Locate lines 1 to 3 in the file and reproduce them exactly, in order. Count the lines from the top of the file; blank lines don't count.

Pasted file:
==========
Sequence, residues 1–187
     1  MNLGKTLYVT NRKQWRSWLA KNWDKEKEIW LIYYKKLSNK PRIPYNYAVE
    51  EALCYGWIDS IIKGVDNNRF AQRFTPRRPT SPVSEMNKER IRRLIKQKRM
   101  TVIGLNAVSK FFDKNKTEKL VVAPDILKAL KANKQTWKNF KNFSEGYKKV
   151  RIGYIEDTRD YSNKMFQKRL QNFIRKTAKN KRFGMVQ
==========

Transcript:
Sequence, residues 1–187
     1  MNLGKTLYVT NRKQWRSWLA KNWDKEKEIW LIYYKKLSNK PRIPYNYAVE
    51  EALCYGWIDS IIKGVDNNRF AQRFTPRRPT SPVSEMNKER IRRLIKQKRM